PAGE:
Sunday, August 10, 2014


Friday’s treatment was, generously speaking, not the best.

Actually, it wasn’t the treatment itself that was horrible. It was the day that preceded it. I had two prior medical appointments that day, and one of them did not go the way I wanted it to go.  I am now looking at yet more invasive testing procedures for a whole separate problem (because an auto-immune disease, a genetic mutation, a bone being popped out of place, and breast cancer is not enough right now, apparently), and I just kinda lost my shit.  There’s only so much one person can be expected to bear all at once, only so much weight one can shoulder. I think I actually hit my quota even before my cancer diagnosis.  So by the time my GP nurse practitioner told me to start mentally preparing myself for a gynecological ultrasound, I just pretty much lost my shit.

And I felt like giving up.  I was so overwhelmed, so sad, so fucking pissed.  I was driving like a woman with terminal road rage, cursing out people for walking too slowly in crosswalks, for taking too long to decide where to park, for not, ostensibly, anticipating my needs.  It was ridiculous, but it was so real at the time.  I just wanted to screw it all.  I started thinking about the upside of willful ignorance.  As a reformed academic, this is big deal stuff. I mean, I spent about 100 years in grad school, and there was never one moment when I ever thought I’d be better off just shutting my eyes to the world.  But Friday afternoon, heading in to the cancer center, I was just done.  Just fucking done.  I wanted to be one of those people who never goes to see a doctor, who never asks the questions, who just lives until they die, never knowing the difference and never caring.  I wanted to be dumb, basically.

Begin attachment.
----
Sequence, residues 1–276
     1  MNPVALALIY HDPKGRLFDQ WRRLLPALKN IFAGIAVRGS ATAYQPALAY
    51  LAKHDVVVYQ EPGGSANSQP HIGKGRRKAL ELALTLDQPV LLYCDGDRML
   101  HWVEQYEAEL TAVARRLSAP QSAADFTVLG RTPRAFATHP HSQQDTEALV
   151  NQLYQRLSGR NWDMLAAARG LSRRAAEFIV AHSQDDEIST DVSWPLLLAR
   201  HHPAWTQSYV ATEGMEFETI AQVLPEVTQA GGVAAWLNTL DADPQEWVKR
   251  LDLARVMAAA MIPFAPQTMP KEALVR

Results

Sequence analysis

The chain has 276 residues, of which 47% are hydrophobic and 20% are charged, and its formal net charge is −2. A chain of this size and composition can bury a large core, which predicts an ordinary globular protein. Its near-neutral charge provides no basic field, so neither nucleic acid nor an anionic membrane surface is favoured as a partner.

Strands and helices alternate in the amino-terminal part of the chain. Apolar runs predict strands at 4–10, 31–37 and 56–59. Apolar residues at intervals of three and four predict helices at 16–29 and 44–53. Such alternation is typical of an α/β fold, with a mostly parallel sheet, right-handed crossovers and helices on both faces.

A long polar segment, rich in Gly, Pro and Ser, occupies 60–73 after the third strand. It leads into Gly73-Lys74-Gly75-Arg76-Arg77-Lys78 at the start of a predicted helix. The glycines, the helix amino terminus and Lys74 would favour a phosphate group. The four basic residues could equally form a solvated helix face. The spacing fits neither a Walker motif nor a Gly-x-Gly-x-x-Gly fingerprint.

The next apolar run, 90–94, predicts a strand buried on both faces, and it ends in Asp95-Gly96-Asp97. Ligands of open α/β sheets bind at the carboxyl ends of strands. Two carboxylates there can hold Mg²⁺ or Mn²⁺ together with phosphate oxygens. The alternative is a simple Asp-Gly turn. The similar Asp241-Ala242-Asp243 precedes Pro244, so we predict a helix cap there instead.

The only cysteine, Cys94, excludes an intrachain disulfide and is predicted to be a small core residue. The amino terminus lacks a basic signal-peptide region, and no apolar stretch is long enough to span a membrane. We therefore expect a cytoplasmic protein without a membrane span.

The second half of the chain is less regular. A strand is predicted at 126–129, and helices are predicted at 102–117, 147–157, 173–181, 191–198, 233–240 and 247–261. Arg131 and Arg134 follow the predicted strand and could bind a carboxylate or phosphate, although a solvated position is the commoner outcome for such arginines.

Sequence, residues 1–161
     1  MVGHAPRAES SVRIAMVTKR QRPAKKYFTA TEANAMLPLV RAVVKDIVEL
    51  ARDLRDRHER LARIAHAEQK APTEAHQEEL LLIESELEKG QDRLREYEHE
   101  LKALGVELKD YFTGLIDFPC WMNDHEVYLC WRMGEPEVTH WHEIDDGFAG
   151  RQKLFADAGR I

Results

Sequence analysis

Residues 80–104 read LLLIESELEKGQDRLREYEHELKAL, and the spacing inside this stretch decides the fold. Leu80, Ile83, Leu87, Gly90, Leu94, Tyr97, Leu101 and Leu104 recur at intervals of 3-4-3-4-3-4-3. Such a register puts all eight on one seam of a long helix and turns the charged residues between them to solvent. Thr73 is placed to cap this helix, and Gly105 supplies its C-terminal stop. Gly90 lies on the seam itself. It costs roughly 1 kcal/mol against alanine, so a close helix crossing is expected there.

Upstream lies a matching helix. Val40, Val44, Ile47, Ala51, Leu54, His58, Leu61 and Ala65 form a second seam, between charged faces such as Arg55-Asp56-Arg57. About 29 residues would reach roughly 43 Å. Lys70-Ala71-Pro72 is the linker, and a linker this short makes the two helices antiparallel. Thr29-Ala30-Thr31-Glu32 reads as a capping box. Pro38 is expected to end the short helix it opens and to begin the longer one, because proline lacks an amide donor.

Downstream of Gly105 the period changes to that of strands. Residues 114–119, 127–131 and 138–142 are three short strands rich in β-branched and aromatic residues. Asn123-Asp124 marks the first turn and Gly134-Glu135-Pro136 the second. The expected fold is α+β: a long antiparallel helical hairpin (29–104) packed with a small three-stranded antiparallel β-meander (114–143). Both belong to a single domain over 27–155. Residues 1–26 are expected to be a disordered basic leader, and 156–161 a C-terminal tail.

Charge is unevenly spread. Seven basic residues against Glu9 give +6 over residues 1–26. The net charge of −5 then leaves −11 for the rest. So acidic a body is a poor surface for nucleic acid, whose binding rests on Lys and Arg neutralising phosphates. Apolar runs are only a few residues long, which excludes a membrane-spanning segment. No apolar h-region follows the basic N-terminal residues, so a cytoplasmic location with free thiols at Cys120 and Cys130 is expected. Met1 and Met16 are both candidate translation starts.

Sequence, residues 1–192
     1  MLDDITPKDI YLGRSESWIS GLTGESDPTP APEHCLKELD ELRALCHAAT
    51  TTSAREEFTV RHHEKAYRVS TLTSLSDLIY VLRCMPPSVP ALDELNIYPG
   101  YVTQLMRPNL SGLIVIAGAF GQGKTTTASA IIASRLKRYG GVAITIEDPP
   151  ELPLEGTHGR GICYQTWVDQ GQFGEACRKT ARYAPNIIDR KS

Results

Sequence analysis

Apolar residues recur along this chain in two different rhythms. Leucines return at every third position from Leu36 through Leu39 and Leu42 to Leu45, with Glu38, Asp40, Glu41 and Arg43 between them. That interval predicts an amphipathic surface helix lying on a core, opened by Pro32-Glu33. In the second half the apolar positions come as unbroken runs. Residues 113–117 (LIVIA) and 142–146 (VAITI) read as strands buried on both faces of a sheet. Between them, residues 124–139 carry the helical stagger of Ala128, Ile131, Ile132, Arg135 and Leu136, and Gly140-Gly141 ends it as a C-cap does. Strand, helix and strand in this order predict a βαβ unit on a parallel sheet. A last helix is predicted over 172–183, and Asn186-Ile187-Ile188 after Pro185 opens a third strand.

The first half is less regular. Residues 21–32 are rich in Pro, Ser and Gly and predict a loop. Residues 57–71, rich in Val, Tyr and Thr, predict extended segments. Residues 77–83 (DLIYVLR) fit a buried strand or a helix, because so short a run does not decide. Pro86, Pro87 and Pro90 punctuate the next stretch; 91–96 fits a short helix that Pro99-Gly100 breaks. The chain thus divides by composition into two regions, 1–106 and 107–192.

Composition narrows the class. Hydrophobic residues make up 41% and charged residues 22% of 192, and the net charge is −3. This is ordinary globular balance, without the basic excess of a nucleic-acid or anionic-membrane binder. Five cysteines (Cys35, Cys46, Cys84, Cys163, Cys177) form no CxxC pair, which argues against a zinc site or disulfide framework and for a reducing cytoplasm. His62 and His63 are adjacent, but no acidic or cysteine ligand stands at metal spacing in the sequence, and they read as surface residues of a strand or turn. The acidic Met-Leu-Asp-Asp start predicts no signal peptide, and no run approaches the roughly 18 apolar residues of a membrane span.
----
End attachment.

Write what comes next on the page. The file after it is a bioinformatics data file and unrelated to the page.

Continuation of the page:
And then this happened:

Oh, Carle.  Oh, my dear, dear Carle.  You have no idea the war you have just started.

To be honest, I felt a bit bad about it.  I mean, on any other day, I would have cracked up, given her a month’s ration of smack talk, and loved every minute of it.  As a bold and emboldened Green Bay Packer’s fan, I would have proudly asked her how many of my team’s sloppy seconds her team was planning to sign in order to win division games.  I would have declared the friendliest of wars, and come hell or high water, I would have won.  

But on Friday, it was all I could to keep my frustrations to myself and try to force a smile.  Carle knew, of course.  She was probably disappointed that she didn’t get a better reaction from me, understandably.  But  she was wonderful and supportive, and didn’t even make fun of me when I lied on that radiation table and just silently cried, tears running sideways down my face and in to my ears…which feels really weird, by the way.  She let me take the previous picture of her shirt (“You’re just gonna see my cans,” she complained, until I reminded her that she sees my cans every day), and then…she did it.  She managed to come up with a ballad that made me cringe outwardly and cry inward:  Dionne Warwick’s “That’s What Friends Are For.”  For the love all things good and decent, really?!?  Oh, Carle.  

It was a hard day all around.  I left after treatment was over, trying but failing to make my normal fun conversation with the radiation team.  I was dejected and frustrated and overwhelmed and pissed and angry and sad and just entirely, 100% done.  I still feel that way.  Or I want to, I suppose.  But I’ll be back there Monday, because what choice do I have?  I’ll be back there with the knowledge that after completing 1/3 of my treatment, there’s cause to celebrate.  I’ll be back with a renewed faith in my decisions and my treatment team.  I’ll be back with a goddamn Green Bay Packers t-shirt!

10 of 30, a full 1/3, done.

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